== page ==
Source:Enders G, Varho-Göbel M, Löhler J, et al. Congenital lymphocytic choriomeningitis virus (LCMV) infection: an underdiagnosed disease.
Ped Inf Dis J.

Enders and colleagues describe 6 children infected in utero with lymphocytic choriomeningitis virus (LCMV). This agent is in the Arenaviridae family and its reservoir is rodents, particularly mice and hamsters. Acquired human infection generally manifests as fever, headache, nausea, myalgia, meningitis, or meningoencephalitis. Fetal infection in the first trimester of pregnancy has been associated with spontaneous abortions, and in the second and third trimesters with intrauterine death, hydrocephalus, and chorioretinitis. This report presents clinical and serologic data from 6 German children (including 1 in utero death and a set of twins) studied between 1991–1997. Abnormalities noted in the 5 live-born children with congenital LCMV infection included hydrocephalus (5), chorioretinitis (4), microcephaly (3), intracranial calcifications (1), and severe developmental delay (4). The fetal death was associated with hydrocephalus and lymphocytic myocarditis. Three of the 6 pregnant women had definite contact with rodents, including one who worked in a pet store that sold mice and hamsters.

These case series demonstrate that LCMV is a cause of congenital infection with features classically associated with congenital toxoplasmosis and cytomegalovirus (CMV) infections. The authors recommend assessing IgG and IgM antibodies to LCMV (and, if feasible, polymerase chain reaction [PCR] for LCMV RNA) in the fetus or neonate with hydrocephalus or chorioretinitis, even though no specific therapy is currently available.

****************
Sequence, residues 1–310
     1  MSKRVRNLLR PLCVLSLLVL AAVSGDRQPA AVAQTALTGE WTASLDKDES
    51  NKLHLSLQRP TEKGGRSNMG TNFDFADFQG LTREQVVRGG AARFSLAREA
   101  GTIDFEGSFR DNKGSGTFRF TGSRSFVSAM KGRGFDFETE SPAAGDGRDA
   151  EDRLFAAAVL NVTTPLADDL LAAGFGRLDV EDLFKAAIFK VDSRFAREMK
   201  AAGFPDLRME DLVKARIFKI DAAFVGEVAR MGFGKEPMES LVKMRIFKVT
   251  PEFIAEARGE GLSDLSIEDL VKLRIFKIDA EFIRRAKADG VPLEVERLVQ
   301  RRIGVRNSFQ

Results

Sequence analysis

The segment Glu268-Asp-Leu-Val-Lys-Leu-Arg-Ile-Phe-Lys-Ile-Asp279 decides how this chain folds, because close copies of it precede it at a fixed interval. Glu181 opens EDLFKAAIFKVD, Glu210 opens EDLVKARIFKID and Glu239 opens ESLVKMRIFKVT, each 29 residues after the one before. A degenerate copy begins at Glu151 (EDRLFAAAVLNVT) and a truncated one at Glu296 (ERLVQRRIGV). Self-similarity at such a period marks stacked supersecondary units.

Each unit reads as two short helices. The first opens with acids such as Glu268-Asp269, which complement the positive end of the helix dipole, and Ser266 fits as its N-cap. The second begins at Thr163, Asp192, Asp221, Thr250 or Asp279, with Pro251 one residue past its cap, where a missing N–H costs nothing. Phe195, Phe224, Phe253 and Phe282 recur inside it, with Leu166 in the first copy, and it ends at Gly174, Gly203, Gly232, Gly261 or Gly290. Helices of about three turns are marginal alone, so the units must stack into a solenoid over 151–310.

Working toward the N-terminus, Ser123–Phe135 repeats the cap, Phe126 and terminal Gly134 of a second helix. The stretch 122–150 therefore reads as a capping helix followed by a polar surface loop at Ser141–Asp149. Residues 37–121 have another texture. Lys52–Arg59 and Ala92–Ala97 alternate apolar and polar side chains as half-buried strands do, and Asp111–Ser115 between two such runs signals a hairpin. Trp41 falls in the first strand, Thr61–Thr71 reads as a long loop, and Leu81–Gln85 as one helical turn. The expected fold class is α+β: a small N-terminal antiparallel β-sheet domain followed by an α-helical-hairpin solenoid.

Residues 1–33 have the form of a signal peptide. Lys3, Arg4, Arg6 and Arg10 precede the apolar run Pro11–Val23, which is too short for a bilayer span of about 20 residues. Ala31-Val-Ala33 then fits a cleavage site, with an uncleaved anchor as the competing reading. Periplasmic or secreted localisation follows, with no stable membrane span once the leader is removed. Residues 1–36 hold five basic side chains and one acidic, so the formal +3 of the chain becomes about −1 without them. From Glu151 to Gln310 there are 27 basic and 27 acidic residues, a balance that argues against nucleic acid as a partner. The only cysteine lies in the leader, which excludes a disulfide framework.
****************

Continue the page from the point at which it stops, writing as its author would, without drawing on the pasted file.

LCMV is an important, often unrecognized human, postnatal and fetal pathogen. Acquired infection, contracted by contact with infected rodents and their excreta, is asymptomatic in approximately one third of individuals; one half of the remainder develop “aseptic meningitis” or meningoencephalitis. A diversity of other clinical sequelae including deafness, myocarditis and parotitis have also been reported.1 

Congenital LCMV infection was first documented in England in 1955 with subsequent reports from Germany, Lithuania, and France. In the United States, recognition of in utero LCMV infection has occurred only within the last decade. Since 1993, there have been 5 reports (with 2 additional in preparation) documenting LCMV infection in American infants with chorioretinitis, hydrocephalus, intracranial calcifications, or micro- or macrocephaly. Mental retardation, seizures, and severe visual impairment have been prominent.2,3 Although differentiation from congenital CMV and rubella infections may be problematic, there have been no reports of cataracts in congenital LCMV, and hearing deficits have been reported only rarely. Congenital toxoplasmosis, however, poses an even greater differential diagnostic challenge. Serologic diagnosis of both congenital and acquired LCMV infections is currently the gold standard, utilizing the sensitive immunofluorescent antibody (IFA) test. Because virus isolation has rarely been documented, the application of PCR to the diagnosis of LCMV infection described in this report opens up exciting new avenues of investigation. The message is clear: public and physician awareness of the potential risks that rodents pose, especially to pregnant women, must be increased.

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